There are times in the life of a music critic when you see a show or hear an album and all you really want to say is "holy shit." Analysing guitar solos and parsing the energy between people on a stage starts to feel a little like looking for the trapdoor in a magic show. You kind of have to just show up and witness the the part where the guy stands right up on the mic, the force of the melody bending his body back a good ten inches at the top, like his voice is the rock in a big human slingshot and the song grabbed a hold of the rubberband.
But that paragraph alone can't count as a blog post on this site, so I'll do what I can to bring you into the room, when Jason Isbell and his band rolled into the Orange Peel, here in Asheville, NC, last night.
He opened his set with some rock and roll tunes he wrote, some for his band the 400 Unit, others for his other band the Drive-By Truckers. "Streetlights" and "Tour of Duty" were easy highlights. "Goddamn Lonely Love" was darn near a singalong, with a crowd full of hairy dudes, some pumping their fists in the air, punching the gut of their unseeable heartache, mouthing the words somewhat unconsciously. Then, as he changed into an acoustic guitar, Isbell said something along the lines of, "Those of you who came to see the folksinger you just discovered might be wondering why we're playing all these rock and roll songs. We like to try a lot of different things, but now we're going to play some songs off of my latest album Southeastern."*
With that, he lit into "Different Days", one of the most cuttingly self-explanatory songs on the disc I called the Best Album of 2013. And here's where things shifted. People were shouting out "Live Oak" and "Elephant" and "Stockholm" - songs that are so remarkably painful, it can hurt to hear them. Beyond the realm of a dominatrix, there's no other profession where people beg you to bring the pain. Doctors don't get patients saying "Can I please have a spinal tap?" Nobody asks their mechanic to fix the car, just make the grating squeal keep going, as loud as possible. But, in music, once people know you're willing to go there, they just want to hear again and again, loud and clear, about your addiction, fear, abuse, disease. To the point that they'll shout out the request in the middle of you saying something. As Isbell has said, "People just love to hear your sob story, if it rhymes."
It's an interesting phenomenon and, I think, speaks to the fact that we all just want to understand each other - and be understood. When we find the truth, we want to fix our eyes and ears on it, so that when something else steps into the foreground, we can have the memory of not being alone. It's an important space for an artist to occupy with that much intention. So few celebrated artists these days even dare. But, as an audience at this particular concert, we were lucky that someone as articulate, with such creative vision and apparent empathy, has chosen to bring their skills into that space.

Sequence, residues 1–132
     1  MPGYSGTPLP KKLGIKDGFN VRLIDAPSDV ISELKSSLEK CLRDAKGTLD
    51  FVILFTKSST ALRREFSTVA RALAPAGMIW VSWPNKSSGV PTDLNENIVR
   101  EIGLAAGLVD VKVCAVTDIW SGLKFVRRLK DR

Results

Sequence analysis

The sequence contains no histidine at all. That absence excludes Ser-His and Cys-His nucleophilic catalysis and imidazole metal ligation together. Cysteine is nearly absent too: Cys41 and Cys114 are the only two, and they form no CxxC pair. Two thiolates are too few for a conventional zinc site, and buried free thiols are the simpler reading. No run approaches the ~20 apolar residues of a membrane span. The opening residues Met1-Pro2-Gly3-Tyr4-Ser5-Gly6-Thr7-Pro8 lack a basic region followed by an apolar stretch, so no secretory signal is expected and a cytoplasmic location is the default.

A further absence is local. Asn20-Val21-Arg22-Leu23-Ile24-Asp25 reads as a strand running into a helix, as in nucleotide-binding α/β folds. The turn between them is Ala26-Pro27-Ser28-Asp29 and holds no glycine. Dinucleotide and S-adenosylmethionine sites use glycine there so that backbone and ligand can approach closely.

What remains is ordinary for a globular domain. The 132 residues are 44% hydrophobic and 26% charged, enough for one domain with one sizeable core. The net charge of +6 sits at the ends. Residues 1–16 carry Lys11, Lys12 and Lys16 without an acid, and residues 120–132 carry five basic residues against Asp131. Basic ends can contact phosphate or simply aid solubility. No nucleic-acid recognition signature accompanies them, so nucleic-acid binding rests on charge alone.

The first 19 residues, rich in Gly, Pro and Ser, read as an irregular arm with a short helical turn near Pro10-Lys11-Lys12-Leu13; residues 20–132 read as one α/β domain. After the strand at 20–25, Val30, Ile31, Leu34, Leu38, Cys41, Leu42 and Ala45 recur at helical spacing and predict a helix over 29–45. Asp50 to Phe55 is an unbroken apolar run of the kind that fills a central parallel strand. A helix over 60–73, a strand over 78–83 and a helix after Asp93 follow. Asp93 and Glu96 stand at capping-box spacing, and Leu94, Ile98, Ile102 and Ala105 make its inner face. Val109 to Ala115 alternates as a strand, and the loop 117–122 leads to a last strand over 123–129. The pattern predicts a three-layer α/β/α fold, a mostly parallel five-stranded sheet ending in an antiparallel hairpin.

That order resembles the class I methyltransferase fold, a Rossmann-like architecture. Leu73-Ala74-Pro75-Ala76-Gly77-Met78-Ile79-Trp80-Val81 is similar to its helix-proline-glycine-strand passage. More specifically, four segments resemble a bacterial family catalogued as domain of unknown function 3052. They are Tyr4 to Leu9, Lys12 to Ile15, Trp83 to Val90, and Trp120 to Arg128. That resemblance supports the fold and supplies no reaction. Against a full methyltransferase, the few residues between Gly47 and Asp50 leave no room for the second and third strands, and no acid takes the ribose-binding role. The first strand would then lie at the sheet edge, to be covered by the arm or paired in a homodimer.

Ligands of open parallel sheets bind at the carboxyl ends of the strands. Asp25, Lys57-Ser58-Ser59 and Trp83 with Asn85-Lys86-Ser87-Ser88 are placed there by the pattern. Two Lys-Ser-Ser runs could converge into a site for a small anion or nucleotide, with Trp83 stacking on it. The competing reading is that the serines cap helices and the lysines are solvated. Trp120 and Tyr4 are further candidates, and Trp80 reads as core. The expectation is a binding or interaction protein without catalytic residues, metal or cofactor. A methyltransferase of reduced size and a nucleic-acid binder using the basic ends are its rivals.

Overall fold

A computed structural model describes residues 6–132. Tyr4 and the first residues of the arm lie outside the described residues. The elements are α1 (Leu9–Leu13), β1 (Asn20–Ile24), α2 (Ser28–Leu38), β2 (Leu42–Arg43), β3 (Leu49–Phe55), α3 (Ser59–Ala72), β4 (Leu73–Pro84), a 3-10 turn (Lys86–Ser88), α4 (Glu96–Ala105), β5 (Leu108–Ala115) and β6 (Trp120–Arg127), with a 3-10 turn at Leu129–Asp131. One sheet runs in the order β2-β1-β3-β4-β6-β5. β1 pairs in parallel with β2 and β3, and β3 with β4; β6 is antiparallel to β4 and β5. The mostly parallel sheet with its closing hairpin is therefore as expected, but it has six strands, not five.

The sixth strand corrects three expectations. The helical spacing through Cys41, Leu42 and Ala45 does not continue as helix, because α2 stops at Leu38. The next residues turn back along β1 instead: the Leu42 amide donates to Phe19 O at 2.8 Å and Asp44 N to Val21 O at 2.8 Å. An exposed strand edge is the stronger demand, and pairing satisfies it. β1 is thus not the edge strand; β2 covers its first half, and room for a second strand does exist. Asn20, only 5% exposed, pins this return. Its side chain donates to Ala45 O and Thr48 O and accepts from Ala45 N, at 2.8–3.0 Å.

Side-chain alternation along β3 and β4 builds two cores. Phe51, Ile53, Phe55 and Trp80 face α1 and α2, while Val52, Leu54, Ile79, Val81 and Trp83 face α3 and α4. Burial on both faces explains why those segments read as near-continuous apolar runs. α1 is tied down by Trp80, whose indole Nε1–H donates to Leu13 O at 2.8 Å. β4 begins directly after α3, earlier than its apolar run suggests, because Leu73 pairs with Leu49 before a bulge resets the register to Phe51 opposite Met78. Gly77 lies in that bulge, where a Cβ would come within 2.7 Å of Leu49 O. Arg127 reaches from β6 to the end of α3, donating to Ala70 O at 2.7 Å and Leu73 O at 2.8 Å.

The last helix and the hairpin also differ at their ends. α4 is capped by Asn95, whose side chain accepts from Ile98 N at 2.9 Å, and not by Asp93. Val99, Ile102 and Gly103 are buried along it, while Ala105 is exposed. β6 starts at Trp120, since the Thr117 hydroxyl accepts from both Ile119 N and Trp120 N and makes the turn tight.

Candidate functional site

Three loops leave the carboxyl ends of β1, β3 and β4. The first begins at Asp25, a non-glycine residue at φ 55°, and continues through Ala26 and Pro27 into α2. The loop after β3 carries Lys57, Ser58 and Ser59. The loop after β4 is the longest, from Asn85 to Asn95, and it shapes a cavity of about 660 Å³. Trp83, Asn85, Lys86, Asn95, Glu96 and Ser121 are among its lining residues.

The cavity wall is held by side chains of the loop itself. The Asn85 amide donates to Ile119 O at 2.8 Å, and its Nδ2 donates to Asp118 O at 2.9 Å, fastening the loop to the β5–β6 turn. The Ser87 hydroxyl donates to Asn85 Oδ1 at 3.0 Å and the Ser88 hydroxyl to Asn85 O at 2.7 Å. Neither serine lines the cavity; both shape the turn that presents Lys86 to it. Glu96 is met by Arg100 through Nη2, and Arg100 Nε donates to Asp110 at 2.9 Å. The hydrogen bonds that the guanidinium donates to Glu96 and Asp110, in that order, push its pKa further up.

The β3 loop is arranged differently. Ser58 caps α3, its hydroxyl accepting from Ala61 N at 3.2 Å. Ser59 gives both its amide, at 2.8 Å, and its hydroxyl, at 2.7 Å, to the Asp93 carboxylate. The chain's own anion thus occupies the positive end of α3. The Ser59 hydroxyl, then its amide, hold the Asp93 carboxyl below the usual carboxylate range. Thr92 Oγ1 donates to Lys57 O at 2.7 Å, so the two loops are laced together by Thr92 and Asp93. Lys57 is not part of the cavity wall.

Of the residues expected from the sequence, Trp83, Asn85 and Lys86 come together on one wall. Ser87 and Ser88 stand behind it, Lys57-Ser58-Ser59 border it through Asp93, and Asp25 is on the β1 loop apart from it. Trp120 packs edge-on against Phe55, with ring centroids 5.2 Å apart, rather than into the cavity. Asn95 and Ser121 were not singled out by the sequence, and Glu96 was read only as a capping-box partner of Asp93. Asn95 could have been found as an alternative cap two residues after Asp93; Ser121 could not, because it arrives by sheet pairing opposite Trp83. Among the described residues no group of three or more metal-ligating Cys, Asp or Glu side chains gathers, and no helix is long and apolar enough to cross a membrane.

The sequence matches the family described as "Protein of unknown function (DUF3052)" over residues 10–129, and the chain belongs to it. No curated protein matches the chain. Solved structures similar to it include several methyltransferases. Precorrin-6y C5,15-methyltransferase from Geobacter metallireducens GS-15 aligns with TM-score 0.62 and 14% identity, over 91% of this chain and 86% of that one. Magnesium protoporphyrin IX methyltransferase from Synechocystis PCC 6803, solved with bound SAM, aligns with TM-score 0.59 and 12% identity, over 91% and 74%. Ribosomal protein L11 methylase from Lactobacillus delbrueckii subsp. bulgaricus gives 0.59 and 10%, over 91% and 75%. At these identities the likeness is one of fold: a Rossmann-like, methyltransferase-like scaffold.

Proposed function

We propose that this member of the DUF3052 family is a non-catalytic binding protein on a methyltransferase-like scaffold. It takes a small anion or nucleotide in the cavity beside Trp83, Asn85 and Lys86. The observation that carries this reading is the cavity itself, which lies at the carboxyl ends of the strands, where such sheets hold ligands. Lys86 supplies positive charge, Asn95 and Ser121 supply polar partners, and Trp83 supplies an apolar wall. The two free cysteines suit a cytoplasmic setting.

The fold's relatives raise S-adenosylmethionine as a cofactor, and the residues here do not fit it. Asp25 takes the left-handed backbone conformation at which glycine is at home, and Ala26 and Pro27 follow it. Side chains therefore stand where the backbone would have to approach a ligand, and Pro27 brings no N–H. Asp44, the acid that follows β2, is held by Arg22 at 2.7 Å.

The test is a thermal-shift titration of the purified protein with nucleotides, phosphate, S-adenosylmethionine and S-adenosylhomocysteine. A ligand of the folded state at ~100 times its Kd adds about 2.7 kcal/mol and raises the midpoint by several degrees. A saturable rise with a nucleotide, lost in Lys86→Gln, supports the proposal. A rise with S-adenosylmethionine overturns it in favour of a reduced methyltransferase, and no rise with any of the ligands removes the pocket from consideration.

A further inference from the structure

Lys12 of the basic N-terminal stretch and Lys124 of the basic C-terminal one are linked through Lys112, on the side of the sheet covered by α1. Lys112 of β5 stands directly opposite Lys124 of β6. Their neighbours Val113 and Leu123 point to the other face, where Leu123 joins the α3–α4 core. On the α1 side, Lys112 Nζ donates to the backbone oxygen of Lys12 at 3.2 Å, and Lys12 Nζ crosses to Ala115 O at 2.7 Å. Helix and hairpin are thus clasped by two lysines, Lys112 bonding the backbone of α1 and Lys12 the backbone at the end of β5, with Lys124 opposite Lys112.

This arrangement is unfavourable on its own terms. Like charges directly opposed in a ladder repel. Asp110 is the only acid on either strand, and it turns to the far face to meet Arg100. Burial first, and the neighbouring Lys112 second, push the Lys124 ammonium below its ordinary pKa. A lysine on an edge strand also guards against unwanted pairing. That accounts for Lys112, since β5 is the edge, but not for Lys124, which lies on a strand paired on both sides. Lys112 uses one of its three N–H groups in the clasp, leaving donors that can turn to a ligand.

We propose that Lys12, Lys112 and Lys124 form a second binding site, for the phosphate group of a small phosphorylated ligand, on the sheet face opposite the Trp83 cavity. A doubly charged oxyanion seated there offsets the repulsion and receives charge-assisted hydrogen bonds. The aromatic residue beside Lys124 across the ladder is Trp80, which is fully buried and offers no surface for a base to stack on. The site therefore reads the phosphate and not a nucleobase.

Isbell, for his part, tried to joke with the pleaders. "We play that song every single night," he said when someone called out "Live Oak." "But what we never do, we never play it right after someone asks for it."*
And so the show carried on, with some incredible fiddle work from Isbell's wife, and fellow amazing songwriter, Amanda Shires. It's a treat to watch Isbell and Shires interact onstage, indeed to see his entire band work through a set. There seems to be a genuine joy and excitement about the soundscapes they manage to create together, a depth that can only come from being able to anticipate someone's next move and be surprised at the same time. If you weren't there, you could have felt as though you were, with just about every music blogger and critic in the area present, activating their social media avenues with exclamations and photos. Even City Councilman Gordon Smith Tweeted: "Wow. @JasonIsbell - Thx for coming to AVL and sharing your music!"
There's no easy way to include in all that the fact that Holly Williams opened the show with stunning train whistle-like three-part harmonies. Backed by bass and an extra guitar, Williams delivered more or less the same set I saw her perform last fall at the Americana Festival in Nashville, but there's no harm in repeating such a beautiful collection of songs. I missed the drums a little bit, but what was lacking in cymbal crashes, Williams made up for with heart and charisma. Similar to Isbell, she seems to be channeling something, just a vehicle for the simple, stirring stories that populate her songs.
It should go without saying that you should catch these two when they come to your town.
*Not direct quotes. It was so jampacked in that room, I couldn't have written down his words verbatim if I'd tried.
photo by Amos Perrine, not from this show